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With Tet approaching, Vietnamese families traditionally make a “five fruits” offering or the “Mam Ngu Qua” along with other Tet goods to their ancestoral alters. These well presented bowls of fruit consist of interesting and odd shaped Vietnam-grown delights. It is thought that five fruits could symbolise the five elements – metal, wood, water, fire and soil. Or it could be that the fruit repesents the families hardwork and are an offering of thanks to ancestors. Either way, you will see a lot of fruit over the Tet new year. Here are a few interesting Vietnamese fruits that you may not recognise from your local grocery shop…
- Lady finger bananas
These small bananas have a very thick skin, revealing a sweet flesh inside. They are not often eaten on their own, instead turned into sugary desserts.
- Dragon fruit
The bright pink shell of a dragon fruit is a costume for the rather bland flesh inside, similar to an unsweetened melon. The flesh contains thousands of tiny seeds, similar of a kiwi fruit.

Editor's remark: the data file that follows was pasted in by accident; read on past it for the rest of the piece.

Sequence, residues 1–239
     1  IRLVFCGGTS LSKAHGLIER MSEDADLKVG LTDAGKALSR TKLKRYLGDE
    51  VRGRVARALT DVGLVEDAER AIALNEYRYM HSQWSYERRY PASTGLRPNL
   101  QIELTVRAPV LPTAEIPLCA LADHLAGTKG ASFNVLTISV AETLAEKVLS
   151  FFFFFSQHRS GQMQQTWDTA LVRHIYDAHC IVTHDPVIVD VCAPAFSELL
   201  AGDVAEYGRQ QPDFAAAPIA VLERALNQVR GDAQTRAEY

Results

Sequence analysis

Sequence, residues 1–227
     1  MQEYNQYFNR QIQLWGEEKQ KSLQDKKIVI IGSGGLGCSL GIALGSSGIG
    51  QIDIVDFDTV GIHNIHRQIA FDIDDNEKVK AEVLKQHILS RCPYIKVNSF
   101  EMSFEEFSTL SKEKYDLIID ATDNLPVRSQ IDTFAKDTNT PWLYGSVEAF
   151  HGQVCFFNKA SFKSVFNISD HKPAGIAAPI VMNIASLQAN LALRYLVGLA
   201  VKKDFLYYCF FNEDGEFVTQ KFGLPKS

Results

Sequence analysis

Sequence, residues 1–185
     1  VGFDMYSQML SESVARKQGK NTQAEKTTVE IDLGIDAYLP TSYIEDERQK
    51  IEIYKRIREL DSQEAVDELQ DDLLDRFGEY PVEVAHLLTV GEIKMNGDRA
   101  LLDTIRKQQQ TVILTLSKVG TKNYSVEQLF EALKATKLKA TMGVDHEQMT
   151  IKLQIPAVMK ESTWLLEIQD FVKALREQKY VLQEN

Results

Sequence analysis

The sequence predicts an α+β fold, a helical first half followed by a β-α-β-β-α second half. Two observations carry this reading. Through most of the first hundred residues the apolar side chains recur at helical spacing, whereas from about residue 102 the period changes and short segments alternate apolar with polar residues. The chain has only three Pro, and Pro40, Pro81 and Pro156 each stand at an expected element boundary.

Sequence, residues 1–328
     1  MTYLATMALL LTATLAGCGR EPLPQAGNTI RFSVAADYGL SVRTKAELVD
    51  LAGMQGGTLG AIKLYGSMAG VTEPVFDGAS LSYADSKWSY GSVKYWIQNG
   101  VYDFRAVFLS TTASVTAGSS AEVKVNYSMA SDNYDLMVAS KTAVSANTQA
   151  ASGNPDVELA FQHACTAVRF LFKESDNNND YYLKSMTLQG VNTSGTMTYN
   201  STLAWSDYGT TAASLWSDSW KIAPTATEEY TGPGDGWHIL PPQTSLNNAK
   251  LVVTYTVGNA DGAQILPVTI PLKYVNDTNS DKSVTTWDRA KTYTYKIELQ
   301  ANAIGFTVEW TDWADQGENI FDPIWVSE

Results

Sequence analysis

- Rose Apple
A rose apple is an almost savoury fruit, with a flavour similar to pear. It has a thick yet edible bright red skin and porous flesh. Rose apples are in actual fact a berry, and have a very high liquid content compared to other fruit.
Longans (a member of the lychee family) are a small round fruit that needs peeling, grown across the northern part of Vietnam. The juicy sweet flesh contains large seeds at random, so be careful when eating them. However the flesh is semi-transparent and the pip is black so they are easily identified. A bit of a fiddle but well worth it!
Rambutans are grown across the south part of Vietnam and have a spiky red shell revealing a sour soft white flesh.
Jackfruit, a large fruit with a flavour somewhere banana and mango, is found growing from tree trunks all over Southeast Asia. These small boulders, when opened, contain many small orange segments which are slightly rubbery to the touch. The taste is sweet but not overpowering and slightly perfumed.
Durian is famed throughout Southeast Asia and is often smelt before you see it. The smell has been narrowed down to a mixture of caramel and vomit, with hints of cheese and rotting onions. Don’t let that put you off though! Take off the outer shell and a yellowy flesh is revealed with a flavour combination of custard and almonds. A true Asian delicacy!